________________ CM . . . . Volume IX Number 6. . . . November 15, 2002

cover The Fire: An Ethiopian Folk Tale.

Heinz Janisch. Illustrated by Fabricio VandenBroeck. Translated by Shelley Tanaka.
Toronto, ON: Groundwood, 2002.
32 pp., cloth, $15.95.
ISBN 0-88899-450-8.

Subject Heading:
Friendship-Folklore.

Preschool-grade 5 /Ages 5-11.

Review by Denise Weir.

**** /4

excerpt:

"The man who was a slave gazed at this fire. He was naked and surrounded by snow and ice, but he was no longer freezing. The fire in the darkness, the fire that burned for him, kept him warm."

Working day and night for a merciless master, a slave man becomes ill. Finally, the slave begs his master for his freedom. The master agrees to grant his freedom if the man can survive a night on a mountain top without food, fire, clothes, shelter, or help of any kind. The slave seeks the counsel of a wise old man, who agrees to help the man under the conditions that the master has specified. Both of the men climb separate mountains. Naked and alone, the slave watches the neighboring mountain where his friend has lit a fire. The next morning the slave returns to an enraged master, claims his freedom, and starts off on a new life.

internal art

          The retelling of this traditional Ethiopian folk tale reminds us of the basics of human decency and kindness and the lack, thereof. The illustrations accentuate the master's avarice and merciless nature. VandenBroeck uses what appear to be water colours to paint an obese master, well clothed, and sitting on a stone throne-like chair. Scowling at the slave, the master's foot is pressed down on a dog which appears to be growling and unable to get free.

     In contrast, the slave's emaciated frame appears parched and cracked. His eyes have a dull appearance, and his shoulders are slumped in defeat. The slave's pants are tied to his waist with a rope. Significantly, there are purplish colors surrounding and emanating from the slave, colors which could represent the life force leaving his body. Indeed, the text of this page implies that the slave may not survive.

One day he could no longer stand his life. He went to his master and said, "I have been your slave for such a long time. You have often promised me freedom. Tell me, what can I do to be free at last?

     VandenBroeck also vividly portrays the slave's difficult climb up the mountain face which is steep and without crevices for grips or foot holds. However, the friend's mountain, while steep, has these footholds to help him. Viewers of these illustrations may bring to them many of their own interpretations; however, it would appear to this reviewer that the mountain represents the individual's mental health. The slave "could no longer stand his life," and his climb to the mountain top was difficult and treacherous. The optimistic and kind friend is able to see the opportunities of the situation.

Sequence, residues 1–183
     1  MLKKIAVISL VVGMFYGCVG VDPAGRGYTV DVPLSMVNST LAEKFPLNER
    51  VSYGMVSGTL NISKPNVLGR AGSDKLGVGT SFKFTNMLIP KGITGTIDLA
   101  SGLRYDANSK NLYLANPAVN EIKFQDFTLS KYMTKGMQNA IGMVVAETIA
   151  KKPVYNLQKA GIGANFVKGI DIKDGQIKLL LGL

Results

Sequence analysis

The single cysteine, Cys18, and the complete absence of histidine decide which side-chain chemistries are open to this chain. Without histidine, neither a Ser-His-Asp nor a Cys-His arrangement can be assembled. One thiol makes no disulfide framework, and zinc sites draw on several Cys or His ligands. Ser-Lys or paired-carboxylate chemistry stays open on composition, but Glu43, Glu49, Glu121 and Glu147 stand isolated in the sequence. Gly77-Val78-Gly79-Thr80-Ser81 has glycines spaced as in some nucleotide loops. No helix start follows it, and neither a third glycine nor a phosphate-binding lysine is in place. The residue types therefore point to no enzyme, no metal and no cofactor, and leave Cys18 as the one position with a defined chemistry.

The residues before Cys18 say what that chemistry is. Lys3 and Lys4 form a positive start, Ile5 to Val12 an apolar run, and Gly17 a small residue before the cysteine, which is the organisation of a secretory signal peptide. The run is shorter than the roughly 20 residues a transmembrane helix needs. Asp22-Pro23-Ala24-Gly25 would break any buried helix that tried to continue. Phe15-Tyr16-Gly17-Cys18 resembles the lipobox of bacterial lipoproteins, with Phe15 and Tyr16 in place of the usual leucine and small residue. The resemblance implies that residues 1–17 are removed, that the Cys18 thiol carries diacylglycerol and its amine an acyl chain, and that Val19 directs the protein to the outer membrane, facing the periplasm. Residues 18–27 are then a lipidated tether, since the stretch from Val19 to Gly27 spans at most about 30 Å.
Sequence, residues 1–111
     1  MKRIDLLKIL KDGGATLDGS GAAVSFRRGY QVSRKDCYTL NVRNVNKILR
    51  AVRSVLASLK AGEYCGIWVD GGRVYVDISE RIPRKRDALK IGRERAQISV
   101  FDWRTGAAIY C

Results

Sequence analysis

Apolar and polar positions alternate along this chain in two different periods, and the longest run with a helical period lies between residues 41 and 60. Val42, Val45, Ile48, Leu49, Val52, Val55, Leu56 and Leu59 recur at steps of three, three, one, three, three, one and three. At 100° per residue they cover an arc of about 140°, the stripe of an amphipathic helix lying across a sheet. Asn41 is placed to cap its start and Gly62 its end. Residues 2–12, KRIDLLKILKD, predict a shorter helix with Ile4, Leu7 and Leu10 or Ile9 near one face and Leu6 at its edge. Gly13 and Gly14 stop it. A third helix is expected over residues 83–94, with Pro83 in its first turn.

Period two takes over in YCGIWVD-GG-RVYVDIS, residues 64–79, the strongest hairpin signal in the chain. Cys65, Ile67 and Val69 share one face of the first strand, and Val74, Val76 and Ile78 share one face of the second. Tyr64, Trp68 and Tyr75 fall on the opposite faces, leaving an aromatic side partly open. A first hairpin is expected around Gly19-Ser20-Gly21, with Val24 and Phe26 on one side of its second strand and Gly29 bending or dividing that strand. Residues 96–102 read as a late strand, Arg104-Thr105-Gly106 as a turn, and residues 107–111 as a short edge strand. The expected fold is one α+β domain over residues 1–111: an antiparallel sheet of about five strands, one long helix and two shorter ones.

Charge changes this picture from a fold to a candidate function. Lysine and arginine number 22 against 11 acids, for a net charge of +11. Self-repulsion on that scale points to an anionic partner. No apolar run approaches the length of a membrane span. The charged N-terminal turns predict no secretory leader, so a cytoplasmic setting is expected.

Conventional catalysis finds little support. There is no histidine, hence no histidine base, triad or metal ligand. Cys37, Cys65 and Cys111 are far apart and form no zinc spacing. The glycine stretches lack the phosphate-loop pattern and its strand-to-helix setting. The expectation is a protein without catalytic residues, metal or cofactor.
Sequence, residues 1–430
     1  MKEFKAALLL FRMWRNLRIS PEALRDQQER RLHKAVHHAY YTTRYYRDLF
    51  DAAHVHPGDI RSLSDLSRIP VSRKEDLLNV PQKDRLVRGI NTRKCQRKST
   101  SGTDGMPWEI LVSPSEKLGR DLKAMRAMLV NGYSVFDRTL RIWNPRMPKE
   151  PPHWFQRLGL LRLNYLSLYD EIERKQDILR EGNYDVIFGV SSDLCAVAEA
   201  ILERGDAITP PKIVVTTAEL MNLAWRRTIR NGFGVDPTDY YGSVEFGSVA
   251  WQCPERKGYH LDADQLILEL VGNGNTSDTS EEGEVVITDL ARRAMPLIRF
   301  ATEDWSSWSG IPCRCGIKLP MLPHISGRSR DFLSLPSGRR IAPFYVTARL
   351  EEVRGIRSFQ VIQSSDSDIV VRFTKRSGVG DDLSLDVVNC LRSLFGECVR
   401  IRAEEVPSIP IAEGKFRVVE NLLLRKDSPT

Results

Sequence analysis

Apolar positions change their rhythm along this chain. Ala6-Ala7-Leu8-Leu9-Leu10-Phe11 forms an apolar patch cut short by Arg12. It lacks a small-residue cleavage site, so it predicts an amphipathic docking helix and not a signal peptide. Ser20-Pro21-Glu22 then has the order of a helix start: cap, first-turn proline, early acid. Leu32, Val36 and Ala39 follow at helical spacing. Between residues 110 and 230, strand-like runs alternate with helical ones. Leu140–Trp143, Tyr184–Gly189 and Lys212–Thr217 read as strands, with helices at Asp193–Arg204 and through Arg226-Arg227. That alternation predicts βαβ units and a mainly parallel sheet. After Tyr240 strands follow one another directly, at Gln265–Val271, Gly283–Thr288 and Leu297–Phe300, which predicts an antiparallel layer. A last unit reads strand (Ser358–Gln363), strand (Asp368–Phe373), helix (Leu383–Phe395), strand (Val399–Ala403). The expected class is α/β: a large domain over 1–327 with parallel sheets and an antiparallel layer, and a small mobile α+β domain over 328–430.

As the night progresses, the slave's eyes are pictured as tired and sleepy, but the fire keeps the slave's hope alive. When the slave returns to claim his freedom, there is light in his eyes. His frame is not bent in defeat, and he seems to be taking some of the life force from his shocked and angry master.

     The final illustration shows the naked former slave and the master's former pets, a monkey and a dog, leaving the master. They appear to be walking over a frozen mountain lake into the warmth of the sun. As a reader, one is left with a sense of peace and hope. "The man who had survived the long cold night was no longer a slave. He was now a free man. And so he went." The emotions and implications of the story are, perhaps, more imbedded in the illustrations of the story than they are in the text. Without the illustration on the final page, the reader would not be able to sense the depth of the slave's freedom. By picturing the monkey and the dog also leaving the master, the reader has a deeper sense of how truly cruel the master was. Other beings agreed with the slave's assessment of the situation, and they, too, sought freedom.

     Living through great despair can be a life-giving experience. Individuals that survive such despair often are stronger and more confident. They have faced difficult situations, learned from them, and survive to thrive. Often, however, they must go through the difficult periods of life alone. Those that seek to help them can only do so from afar. They light the fires and keep them burning. They encourage and keep hope. They walk with them in the experience, but not through it. The Fire is a story that imparts hope. It is also a story that demonstrates how to give hope, believe in, and sustain others.

     In the end, the master is the slave. He is without hope. His eyes are shocked and, perhaps, terrified at being left alone without even his pets for companionship. No one comes to his aide in a world that is devoid of colour or warmth.

     This book has universal appeal. It could be read to young children to explain about feelings. Adults might want to use it as a meditative book to examine their own lives.

Highly Recommended.

Denise Weir is a library consultant with Manitoba Culture, Heritage and Tourism, Public Library Services.

 

To comment on this title or this review, send mail to cm@umanitoba.ca.

Copyright the Manitoba Library Association. Reproduction for personal use is permitted only if this copyright notice is maintained. Any other reproduction is prohibited without permission.

Published by
The Manitoba Library Association
ISSN 1201-9364

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